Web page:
At surface level, the term “Zero Waste” is a pretty simple concept
Reduce, reuse, recycle and compost, all with the goal of sending nothing to the landfill. If you followed the first, more straightforward approach to Zero Waste. That you might continue to purchase all of your goods as food, cleaners, cosmetics, clothes. As you usually with, but with a focus on looking for recyclable or compostable packaging.
So for example, you might continue to purchase bottled water or regularly get take out. It would take the time to properly recycle this packaging. You might continue to grocery shop as you usually would, but compost any food waste you produce.
This is actually a very feasible goal to achieve in the short-term.
The Zero Waste International Alliance states that Zero Waste is achieved (for a person, a business, a municipality). If 90% of the waste generated, avoid from landfills and incinerators. That means we could get very close to Zero Waste. Not even by changing how we buy and consume, but only by adequately recycling and composting our existing waste. But, the Zero Waste Movement is more complicated than merely recycling.
It’s about moving from a linear production mindset to a more circular one. That considers and minimizes wasted resources at every stage of production and use.
You would instead stop buying bottled water and opt for a reusable water bottle and filter tap water. You might minimize take out or could bring your containers to the restaurant. More meticulously planning your food needs before grocery shopping. You eliminate how much food waste you produce.
The simpler approach to Zero Waste is a great starting point
As you begin to become hyper aware of the amount of waste you are creating. Over time, most people who start there end up moving towards the broader Zero Waste approach. Becomes far more of a new way of living, a new mindset on how you approach every aspect of your life.
What Is the Impact of Zero Waste? Reducing what goes to landfills :
This is the most obvious and direct impact of achieving the ambitious Zero Waste goal of 90% landfill diversion. On average, Americans send 4.4 lbs of waste to the landfill each day. The worst part of this is that this material.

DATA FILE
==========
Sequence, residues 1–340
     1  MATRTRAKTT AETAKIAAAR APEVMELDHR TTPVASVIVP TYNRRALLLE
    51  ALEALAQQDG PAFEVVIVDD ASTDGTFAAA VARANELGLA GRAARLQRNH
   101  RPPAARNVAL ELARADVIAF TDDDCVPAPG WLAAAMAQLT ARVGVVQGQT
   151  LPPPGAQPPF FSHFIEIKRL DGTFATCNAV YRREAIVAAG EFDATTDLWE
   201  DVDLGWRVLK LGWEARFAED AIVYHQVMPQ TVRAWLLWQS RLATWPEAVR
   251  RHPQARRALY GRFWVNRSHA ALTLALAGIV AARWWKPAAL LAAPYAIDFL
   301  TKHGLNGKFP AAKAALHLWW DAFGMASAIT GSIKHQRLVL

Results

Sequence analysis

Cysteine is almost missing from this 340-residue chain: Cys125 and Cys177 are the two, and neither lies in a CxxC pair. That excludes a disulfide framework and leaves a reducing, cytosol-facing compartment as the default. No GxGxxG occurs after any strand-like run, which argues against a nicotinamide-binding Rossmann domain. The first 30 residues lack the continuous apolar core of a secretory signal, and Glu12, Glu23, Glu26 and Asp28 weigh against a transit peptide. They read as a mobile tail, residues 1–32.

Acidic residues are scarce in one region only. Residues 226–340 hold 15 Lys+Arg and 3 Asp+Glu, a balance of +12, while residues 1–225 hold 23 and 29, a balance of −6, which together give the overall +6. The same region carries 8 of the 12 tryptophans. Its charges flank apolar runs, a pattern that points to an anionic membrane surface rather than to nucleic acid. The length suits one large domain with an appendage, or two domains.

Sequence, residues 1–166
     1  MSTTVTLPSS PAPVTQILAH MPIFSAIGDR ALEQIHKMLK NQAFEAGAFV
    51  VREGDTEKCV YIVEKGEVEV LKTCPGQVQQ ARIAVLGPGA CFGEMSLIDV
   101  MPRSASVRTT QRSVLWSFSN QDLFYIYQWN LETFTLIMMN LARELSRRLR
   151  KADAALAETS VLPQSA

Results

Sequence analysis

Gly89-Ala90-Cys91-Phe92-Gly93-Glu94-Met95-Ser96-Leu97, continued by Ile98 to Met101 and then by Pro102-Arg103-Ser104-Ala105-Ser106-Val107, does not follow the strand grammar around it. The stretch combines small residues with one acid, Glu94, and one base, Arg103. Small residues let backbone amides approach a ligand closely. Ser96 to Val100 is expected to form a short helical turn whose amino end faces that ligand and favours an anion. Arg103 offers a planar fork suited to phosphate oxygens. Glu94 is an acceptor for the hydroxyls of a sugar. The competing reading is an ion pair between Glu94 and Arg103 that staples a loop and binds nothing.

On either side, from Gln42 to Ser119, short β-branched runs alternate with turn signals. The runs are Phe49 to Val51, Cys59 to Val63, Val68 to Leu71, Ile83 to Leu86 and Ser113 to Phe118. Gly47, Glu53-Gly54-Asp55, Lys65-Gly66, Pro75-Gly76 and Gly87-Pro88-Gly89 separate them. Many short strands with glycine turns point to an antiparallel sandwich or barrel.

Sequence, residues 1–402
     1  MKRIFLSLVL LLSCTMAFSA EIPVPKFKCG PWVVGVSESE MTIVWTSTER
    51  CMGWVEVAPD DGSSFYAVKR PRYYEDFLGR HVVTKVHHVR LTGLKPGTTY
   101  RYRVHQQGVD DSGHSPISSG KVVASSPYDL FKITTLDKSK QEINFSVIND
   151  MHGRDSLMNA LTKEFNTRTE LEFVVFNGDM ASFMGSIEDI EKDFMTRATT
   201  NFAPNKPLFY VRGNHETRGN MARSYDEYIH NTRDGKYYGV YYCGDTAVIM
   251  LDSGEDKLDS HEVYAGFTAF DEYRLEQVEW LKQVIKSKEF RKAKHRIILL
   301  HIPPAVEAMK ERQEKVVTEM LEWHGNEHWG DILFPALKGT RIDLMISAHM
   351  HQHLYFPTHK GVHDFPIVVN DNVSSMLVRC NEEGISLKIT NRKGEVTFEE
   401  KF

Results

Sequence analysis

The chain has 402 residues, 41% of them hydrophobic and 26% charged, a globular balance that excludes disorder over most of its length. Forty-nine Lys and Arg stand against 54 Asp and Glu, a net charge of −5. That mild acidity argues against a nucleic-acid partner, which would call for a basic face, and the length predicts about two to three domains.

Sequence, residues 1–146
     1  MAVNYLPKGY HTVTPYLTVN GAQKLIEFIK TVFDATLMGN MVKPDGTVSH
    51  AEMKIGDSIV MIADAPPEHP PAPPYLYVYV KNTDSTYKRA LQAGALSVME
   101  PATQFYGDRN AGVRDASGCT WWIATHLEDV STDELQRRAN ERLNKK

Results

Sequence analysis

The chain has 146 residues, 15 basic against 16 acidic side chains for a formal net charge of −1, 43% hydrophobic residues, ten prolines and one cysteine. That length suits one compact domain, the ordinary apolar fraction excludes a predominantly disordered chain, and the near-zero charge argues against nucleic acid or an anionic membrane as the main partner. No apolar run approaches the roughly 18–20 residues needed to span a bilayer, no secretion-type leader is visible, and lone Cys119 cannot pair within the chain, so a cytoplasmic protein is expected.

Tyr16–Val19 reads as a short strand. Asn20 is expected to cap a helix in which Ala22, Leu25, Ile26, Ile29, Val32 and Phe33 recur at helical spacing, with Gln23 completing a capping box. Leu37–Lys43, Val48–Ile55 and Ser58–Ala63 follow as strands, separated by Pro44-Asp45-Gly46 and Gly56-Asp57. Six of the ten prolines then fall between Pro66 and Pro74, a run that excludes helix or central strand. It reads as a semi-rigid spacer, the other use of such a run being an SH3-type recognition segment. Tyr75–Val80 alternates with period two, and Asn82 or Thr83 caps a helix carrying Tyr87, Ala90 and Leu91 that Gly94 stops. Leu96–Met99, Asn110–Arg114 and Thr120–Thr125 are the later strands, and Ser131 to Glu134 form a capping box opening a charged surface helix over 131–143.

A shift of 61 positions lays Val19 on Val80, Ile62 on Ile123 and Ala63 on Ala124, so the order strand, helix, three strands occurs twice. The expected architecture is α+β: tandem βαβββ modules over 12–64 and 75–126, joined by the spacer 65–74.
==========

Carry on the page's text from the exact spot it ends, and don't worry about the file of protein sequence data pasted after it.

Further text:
Unfortunately, 85% of which is technically compostable or recyclable, and which was produced using lots of raw materials and resources. It’s lost and unable forever, often after only being used once. Beyond this, landfills are terrible for our environment overall.
Addressing climate change
Most people think climate change is due to how we heat our homes and fuel our cars. While this is true! Over 40% of American’s climate impact comes from our belongings and our food. How it’s created, used, transported and disposed of. This metric is known as our consumption emissions.
Nation’s longer-term energy and transportation issues
We as individuals can start using Zero Waste strategies today. If everyone learned how to live a zero waste lifestyle tomorrow. We’d buy more time to solve the world’s more complex problems surrounding sustainable energy and transportation.
It’s possible that by 2030. Zero Waste strategies could reduce greenhouse gas emissions by over 400 million metric tons of CO2per year. That’s like turning off about 20 percent of the coal plants in the US. For reference. Meaning that Zero Waste can reduce greenhouse gas emissions more than expanding nuclear power. Improving vehicle efficiency or carbon capture projects.
Protection of wildlife and our oceans
A tragic amount of the waste produced worldwide ends up as land and ocean pollution. Over eight million metric tons of plastic trash are estimated to end up in the ocean each year.
Jenna Jambeck, a University of Georgia environmental engineer, likens it to lining up five grocery bags of trash on every foot of coastline around the globe. At current pollution rates, the ocean will contain 1 ton of plastic for every 3 tons of fish by 2025, and more plastics than fish (by weight) by 2050.
This is awful for ocean life, drinking water, and the countless species (including humans) that consume both. Zero Waste means we are creating less trash that has the potential to end up in the oceans. And more responsibly recycling our plastic waste to ensure it is used again.
Strengthening our natural resources
If we consume less (a core tenant of the zero waste lifestyle), we need to mine fewer non renewable resources and produce fewer renewable resources – which in turn, helps to protect our limited natural resources.